cursorMark and shards? (6.6.2)

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cursorMark and shards? (6.6.2)

Walter Underwood
I tried to get fancy and dump our content with one thread per shard, but it did distributed search anyway. I specified the shard using the “shards” param and set distrib=false.

Is this a bug or expected behavior in 6.6.2? I did not see it mentioned in the docs.

It is working fine with a single thread and distributed search. Should have followed the old Kernighan and Plauger rule, “Make it right before youmake it faster."

wunder
Walter Underwood
[hidden email]
http://observer.wunderwood.org/  (my blog)

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Re: cursorMark and shards? (6.6.2)

Erick Erickson
Not sure whether cursormark respects distrib=false, although I can easily see there being “complications” here.

Hmmm, whenever I try to use distrib=false, I usually fire the query at the specific replica rather than use the shards parameter. IDK whether that’ll make any difference.

<a href="https://node:port/solr/collection1_shard1_replica1/query?distrib=false……">https://node:port/solr/collection1_shard1_replica1/query?distrib=false…….

You could also make it simpler...

q=id:{last_id_from_last_packet TO *]&rows=some_reasonable_number&sort=id asc&distrib=false

That doesn’t pay the penalty of having a huge start param.

Again, I’d use the specific replica rather than shards parameter, but just because I’ve never tried it with shards….

Best,
Erick

> On Feb 10, 2020, at 1:30 PM, Walter Underwood <[hidden email]> wrote:
>
> I tried to get fancy and dump our content with one thread per shard, but it did distributed search anyway. I specified the shard using the “shards” param and set distrib=false.
>
> Is this a bug or expected behavior in 6.6.2? I did not see it mentioned in the docs.
>
> It is working fine with a single thread and distributed search. Should have followed the old Kernighan and Plauger rule, “Make it right before youmake it faster."
>
> wunder
> Walter Underwood
> [hidden email]
> http://observer.wunderwood.org/  (my blog)
>

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Re: cursorMark and shards? (6.6.2)

Walter Underwood
I’ll give that a shot.

Not sure if range queries work on a UUID field, but I have thought of segmenting the ID space and running parallel queries on those.

Right now it is sucking over 1.6 million docs per hour, so that is bearable. Making it 4X or 16 X faster would be nice, though.

wunder
Walter Underwood
[hidden email]
http://observer.wunderwood.org/  (my blog)

> On Feb 10, 2020, at 2:19 PM, Erick Erickson <[hidden email]> wrote:
>
> Not sure whether cursormark respects distrib=false, although I can easily see there being “complications” here.
>
> Hmmm, whenever I try to use distrib=false, I usually fire the query at the specific replica rather than use the shards parameter. IDK whether that’ll make any difference.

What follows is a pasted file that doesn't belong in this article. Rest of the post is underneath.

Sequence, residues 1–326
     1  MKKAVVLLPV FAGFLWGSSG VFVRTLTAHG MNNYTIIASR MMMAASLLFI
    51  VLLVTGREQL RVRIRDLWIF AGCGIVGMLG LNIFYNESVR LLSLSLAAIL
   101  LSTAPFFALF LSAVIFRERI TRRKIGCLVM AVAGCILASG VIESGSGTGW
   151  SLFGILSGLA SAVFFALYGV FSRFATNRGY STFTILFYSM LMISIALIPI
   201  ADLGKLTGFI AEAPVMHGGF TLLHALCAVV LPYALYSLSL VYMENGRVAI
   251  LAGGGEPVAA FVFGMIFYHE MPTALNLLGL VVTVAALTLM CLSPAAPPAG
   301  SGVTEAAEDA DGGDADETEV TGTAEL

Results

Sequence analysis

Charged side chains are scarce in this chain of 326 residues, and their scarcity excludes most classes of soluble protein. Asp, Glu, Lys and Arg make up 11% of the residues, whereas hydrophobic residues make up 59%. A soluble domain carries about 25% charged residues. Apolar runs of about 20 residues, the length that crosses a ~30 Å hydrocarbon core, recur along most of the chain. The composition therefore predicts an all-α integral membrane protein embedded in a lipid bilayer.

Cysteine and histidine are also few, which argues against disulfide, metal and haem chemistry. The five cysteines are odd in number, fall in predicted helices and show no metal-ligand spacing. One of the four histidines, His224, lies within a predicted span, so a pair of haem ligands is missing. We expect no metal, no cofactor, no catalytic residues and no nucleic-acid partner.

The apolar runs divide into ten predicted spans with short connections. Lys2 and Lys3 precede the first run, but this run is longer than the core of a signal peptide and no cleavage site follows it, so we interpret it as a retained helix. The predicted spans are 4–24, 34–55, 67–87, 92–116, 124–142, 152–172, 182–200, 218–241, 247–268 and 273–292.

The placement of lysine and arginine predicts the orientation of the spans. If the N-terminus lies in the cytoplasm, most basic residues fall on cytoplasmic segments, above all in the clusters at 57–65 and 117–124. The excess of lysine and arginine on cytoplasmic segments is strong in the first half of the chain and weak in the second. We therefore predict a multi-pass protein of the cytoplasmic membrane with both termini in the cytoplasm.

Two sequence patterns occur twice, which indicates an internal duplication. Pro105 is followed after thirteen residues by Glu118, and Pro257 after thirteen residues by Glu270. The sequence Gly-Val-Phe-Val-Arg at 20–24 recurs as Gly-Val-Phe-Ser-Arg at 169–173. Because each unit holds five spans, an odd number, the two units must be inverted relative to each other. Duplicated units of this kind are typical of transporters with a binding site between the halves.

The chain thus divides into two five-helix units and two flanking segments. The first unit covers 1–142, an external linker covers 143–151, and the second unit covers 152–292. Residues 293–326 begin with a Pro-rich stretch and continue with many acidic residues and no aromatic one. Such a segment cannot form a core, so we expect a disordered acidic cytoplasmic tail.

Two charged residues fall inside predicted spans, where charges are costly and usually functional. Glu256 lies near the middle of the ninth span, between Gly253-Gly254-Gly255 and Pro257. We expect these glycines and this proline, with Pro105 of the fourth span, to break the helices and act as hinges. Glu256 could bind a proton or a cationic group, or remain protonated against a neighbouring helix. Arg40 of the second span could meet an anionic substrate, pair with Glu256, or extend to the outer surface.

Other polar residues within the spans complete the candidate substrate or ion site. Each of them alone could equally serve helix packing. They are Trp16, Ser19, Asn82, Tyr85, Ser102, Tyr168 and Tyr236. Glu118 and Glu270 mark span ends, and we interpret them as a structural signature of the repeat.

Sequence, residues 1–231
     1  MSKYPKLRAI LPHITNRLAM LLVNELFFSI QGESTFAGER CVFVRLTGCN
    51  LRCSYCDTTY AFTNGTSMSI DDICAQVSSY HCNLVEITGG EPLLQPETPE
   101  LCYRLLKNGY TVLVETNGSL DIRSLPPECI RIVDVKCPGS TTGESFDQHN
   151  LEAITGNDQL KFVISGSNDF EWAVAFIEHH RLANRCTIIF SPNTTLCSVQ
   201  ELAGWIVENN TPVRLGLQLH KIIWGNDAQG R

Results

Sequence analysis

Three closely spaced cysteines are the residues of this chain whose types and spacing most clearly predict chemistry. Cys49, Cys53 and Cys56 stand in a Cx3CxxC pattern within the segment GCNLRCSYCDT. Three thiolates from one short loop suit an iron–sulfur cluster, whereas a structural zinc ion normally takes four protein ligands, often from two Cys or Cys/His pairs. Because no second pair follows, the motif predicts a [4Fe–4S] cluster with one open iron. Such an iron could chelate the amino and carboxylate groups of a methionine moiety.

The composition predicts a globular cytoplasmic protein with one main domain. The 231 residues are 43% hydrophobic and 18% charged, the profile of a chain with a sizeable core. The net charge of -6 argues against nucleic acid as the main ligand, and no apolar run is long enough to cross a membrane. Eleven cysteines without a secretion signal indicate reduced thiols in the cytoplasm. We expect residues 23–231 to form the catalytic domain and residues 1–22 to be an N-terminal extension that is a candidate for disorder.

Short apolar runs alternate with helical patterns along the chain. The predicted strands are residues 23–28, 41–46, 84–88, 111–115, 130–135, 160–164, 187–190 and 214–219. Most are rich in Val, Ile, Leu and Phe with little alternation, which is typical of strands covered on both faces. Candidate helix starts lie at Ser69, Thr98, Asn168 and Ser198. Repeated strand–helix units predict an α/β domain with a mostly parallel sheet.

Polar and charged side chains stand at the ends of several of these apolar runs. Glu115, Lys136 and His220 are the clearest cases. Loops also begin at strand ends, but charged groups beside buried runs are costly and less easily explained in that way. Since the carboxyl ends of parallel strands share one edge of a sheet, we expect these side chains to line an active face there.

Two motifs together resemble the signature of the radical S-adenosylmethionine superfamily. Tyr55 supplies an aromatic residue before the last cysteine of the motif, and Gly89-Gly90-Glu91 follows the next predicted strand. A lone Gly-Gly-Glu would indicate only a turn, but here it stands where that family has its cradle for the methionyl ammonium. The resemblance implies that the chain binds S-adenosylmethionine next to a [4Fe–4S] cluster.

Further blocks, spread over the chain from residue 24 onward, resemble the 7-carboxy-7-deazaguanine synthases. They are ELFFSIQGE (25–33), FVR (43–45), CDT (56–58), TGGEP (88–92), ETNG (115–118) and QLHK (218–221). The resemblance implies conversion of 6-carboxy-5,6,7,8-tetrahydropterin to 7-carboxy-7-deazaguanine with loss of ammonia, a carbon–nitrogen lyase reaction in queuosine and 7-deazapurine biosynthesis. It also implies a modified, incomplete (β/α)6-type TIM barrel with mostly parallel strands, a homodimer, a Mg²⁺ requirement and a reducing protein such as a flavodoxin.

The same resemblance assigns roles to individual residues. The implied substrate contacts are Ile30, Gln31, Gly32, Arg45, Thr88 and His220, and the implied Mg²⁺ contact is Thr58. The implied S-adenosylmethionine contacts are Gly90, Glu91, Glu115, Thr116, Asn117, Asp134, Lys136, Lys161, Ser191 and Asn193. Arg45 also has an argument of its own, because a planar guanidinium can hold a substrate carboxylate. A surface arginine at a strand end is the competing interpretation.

>
> <a href="https://node:port/solr/collection1_shard1_replica1/query?distrib=false……">https://node:port/solr/collection1_shard1_replica1/query?distrib=false…….
>
> You could also make it simpler...
>
> q=id:{last_id_from_last_packet TO *]&rows=some_reasonable_number&sort=id asc&distrib=false
>
> That doesn’t pay the penalty of having a huge start param.
>
> Again, I’d use the specific replica rather than shards parameter, but just because I’ve never tried it with shards….
>
> Best,
> Erick
>
>> On Feb 10, 2020, at 1:30 PM, Walter Underwood <[hidden email]> wrote:
>>
>> I tried to get fancy and dump our content with one thread per shard, but it did distributed search anyway. I specified the shard using the “shards” param and set distrib=false.
>>
>> Is this a bug or expected behavior in 6.6.2? I did not see it mentioned in the docs.
>>
>> It is working fine with a single thread and distributed search. Should have followed the old Kernighan and Plauger rule, “Make it right before youmake it faster."
>>
>> wunder
>> Walter Underwood
>> [hidden email]
>> http://observer.wunderwood.org/  (my blog)
>>
>

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Re: cursorMark and shards? (6.6.2)

Walter Underwood

> On Feb 10, 2020, at 2:24 PM, Walter Underwood <[hidden email]> wrote:
>
> Not sure if range queries work on a UUID field, ...

A search for id:0* took 260 ms, so it looks like they work just fine. I’ll try separate queries for 0-f.

wunder
Walter Underwood
[hidden email]
http://observer.wunderwood.org/  (my blog)

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Re: cursorMark and shards? (6.6.2)

Erick Erickson
Any field that’s unique per doc would do, but yeah, that’s usually an ID.

Hmmm, I don’t see why separate queries for 0-f are necessary if you’re firing
at individual replicas. Each replica should have multiple UUIDs that start with 0-f.